Op-Ed: Bridging the partisan divide: Bringing Silicon Valley to ‘Silicon Holler’
For all the important debates happening right now in the United States, the economy remains at the top of people's minds. In a recent CNN/ORC poll, respondents listed it as the top issue facing the country.
No matter where you live -- be it a suburb of San Jose, the hills of Appalachia, or somewhere in between -- our shared goals to have a well-paying job, be able to raise our families, and plan for a secure future are common all throughout the nation. Policies that help people feel more secure about their livelihood and the ability to provide for their families deserve a closer look by Republicans and Democrats alike.
In parts of the United States, the economy is moving from one driven by industry and manufacturing to one driven by software and technology. Such a shift from one type of economic engine to the other does not need to be the origin of political strife. Rather, there must be a mutual acknowledgement that our changing economy should be a point of convergence and bipartisanship between the two political parties.
In that vein, the two of us may be unlikely partners from drastically different parts of the country, but we found common ground this week in the small town of Paintsville, Ky. It is there where we are working to leverage the innovative ideas rooted in Silicon Valley to develop a “Silicon Holler.”
After rapidly losing tens of thousands of jobs in the coal mining and related industries, leaders in rural Eastern Kentucky have cast aside partisan differences to ensure that the region is primed and ready to be a part of the growing digital economy and become a technological hub where high-tech jobs are available and sustainable. On March 13, we came together to join leaders in education, local government, and business, for a first-hand look at how Appalachian Kentucky is preparing coal miners' families for a more diverse future, not built on coal alone, but on broadband, code, and apps. (Just like the app you may be using right now.)
This workforce development effort is a primary focus of the bipartisan SOAR (Shaping Our Appalachian Region) initiative, launched in 2013. SOAR has leveraged public and private funding to retrain the region’s workforce, spur entrepreneurship, invest in a statewide broadband infrastructure, improve tourism and agriculture, advance healthcare access and grow educational opportunities. SOAR’s united mission has also gained support from numerous federal agencies.
The initiative has produced concrete success in leading to jobs. For example, a number of young residents from the region completed a four-month training program on iOS software for Apple and Android software for Google. As a result, more than 34 students now have good paying jobs as mobile software designers in Paintsville, earning a salary of nearly $40,000 a year.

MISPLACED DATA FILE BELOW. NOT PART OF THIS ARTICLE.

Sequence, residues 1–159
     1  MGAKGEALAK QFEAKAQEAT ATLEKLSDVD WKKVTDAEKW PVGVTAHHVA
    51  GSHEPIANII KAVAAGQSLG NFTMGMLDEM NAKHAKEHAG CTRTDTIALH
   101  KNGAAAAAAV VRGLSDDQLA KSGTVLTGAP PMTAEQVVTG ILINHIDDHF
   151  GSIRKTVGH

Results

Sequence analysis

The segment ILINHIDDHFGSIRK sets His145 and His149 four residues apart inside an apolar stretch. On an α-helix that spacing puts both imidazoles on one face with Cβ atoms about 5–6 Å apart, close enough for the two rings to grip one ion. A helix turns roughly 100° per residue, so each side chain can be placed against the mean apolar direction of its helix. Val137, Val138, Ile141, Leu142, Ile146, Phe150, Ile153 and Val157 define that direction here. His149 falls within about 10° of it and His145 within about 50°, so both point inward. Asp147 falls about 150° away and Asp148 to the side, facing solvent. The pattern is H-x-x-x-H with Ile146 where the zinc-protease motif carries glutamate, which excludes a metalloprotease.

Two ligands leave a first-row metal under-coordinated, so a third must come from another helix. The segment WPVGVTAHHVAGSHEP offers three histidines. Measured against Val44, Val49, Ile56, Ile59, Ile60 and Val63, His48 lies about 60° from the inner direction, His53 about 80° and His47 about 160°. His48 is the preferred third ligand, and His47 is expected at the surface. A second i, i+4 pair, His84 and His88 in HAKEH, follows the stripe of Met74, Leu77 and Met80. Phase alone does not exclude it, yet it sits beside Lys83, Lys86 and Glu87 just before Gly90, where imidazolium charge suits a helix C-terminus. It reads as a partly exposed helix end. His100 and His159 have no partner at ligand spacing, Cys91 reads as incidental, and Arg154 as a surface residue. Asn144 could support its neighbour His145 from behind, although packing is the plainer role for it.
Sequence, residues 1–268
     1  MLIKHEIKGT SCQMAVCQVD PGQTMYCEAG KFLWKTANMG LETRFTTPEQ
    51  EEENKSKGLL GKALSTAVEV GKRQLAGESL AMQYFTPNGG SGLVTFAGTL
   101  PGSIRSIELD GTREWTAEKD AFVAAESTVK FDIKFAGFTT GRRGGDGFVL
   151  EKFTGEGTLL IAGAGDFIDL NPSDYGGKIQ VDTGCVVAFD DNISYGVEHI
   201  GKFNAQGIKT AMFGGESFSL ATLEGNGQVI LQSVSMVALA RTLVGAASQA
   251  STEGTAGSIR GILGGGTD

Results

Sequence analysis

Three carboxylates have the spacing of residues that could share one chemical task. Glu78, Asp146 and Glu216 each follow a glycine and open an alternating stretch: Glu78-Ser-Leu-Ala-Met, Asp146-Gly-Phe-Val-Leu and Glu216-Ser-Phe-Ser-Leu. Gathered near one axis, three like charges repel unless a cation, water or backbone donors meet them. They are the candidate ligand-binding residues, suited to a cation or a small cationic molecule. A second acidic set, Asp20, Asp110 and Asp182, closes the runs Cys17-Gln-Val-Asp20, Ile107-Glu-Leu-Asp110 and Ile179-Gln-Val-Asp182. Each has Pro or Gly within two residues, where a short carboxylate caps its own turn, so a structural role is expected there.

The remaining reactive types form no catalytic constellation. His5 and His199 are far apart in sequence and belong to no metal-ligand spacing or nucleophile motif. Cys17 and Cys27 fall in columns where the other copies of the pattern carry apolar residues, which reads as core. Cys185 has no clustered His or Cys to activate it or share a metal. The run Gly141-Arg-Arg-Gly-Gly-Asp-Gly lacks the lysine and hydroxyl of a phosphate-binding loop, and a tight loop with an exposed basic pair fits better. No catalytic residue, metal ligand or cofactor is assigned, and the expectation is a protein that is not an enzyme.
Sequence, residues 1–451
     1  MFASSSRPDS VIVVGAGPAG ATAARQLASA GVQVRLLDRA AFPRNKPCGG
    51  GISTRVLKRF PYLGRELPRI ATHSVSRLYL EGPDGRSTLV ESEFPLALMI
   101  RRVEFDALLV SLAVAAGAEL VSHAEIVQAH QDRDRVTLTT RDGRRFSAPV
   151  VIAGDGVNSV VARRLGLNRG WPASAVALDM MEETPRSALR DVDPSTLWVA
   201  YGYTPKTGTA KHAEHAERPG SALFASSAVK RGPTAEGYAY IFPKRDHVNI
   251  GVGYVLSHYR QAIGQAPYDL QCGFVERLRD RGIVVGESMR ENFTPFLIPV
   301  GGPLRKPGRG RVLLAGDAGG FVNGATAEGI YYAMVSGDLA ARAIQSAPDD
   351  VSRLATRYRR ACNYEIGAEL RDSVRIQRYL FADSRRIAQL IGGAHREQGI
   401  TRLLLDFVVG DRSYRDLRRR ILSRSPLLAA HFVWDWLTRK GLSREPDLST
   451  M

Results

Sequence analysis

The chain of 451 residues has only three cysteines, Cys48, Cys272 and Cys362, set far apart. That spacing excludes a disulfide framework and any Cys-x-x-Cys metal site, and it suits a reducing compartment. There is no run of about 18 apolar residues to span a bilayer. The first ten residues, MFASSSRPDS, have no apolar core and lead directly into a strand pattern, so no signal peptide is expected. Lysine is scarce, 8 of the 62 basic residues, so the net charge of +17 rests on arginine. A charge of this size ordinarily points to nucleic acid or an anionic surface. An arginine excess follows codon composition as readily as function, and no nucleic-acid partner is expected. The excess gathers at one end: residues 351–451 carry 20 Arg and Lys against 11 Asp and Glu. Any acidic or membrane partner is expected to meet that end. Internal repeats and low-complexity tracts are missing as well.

The SOAR program is helping to reenergize Eastern Kentucky’s economy. However, such revitalization strategies should not be limited to a single region. A region strong in technology will open doors for new education and training opportunities, as well as help spur infrastructure investment and job creation. Economists have found that when an area has a large concentration of high-tech jobs, like Silicon Valley and other major innovation hubs, for every one job in tech another four will be created in support of it. This economic multiplier effect is larger than that of U.S. manufacturing. When the local economy embraces tech, more jobs in other sectors and across income levels follow.
In the 20th century, coal miners, steel workers, and automobile factory employees built the foundation of the modern American economy. Our nation owes them a lot.
Unfortunately, the rapid pace of automation and globalization has led to a decline in traditional U.S. manufacturing jobs. As we work to protect these jobs seeped in the American tradition, we must also prepare these communities for the jobs of the future. Those who devoted their lives working in these industries must never feel devalued for their contributions or pessimistic about the prospects for their kids.
We urge our fellow legislators to step outside the marble hallways of Congress and have a similar exchange of ideas and learn from the success and innovation happening in our hometowns. In fact, we look forward to hearing from you. Innovation thrives when we combine resources, share ideas, and invest in the American dream, both in Silicon Valley and in “Silicon Holler.”